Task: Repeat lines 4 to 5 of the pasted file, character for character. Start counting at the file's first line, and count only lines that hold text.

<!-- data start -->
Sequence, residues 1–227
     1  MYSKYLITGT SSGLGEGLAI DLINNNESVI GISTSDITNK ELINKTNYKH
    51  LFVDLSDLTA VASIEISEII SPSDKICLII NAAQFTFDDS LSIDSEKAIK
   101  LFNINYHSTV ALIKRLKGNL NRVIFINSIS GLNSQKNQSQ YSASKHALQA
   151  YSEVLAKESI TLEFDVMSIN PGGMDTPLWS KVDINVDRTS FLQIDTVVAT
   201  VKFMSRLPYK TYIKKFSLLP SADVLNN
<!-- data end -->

   101  LFNINYHSTV ALIKRLKGNL NRVIFINSIS GLNSQKNQSQ YSASKHALQA
   151  YSEVLAKESI TLEFDVMSIN PGGMDTPLWS KVDINVDRTS FLQIDTVVAT